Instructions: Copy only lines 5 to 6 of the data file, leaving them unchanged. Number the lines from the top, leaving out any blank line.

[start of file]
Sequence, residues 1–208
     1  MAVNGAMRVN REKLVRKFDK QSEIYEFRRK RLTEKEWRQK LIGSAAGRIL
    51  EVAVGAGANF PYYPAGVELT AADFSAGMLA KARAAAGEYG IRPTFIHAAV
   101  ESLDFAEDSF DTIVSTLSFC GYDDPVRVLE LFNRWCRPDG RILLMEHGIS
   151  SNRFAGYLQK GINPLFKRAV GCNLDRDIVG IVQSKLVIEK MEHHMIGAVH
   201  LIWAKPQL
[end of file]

   151  SNRFAGYLQK GINPLFKRAV GCNLDRDIVG IVQSKLVIEK MEHHMIGAVH
   201  LIWAKPQL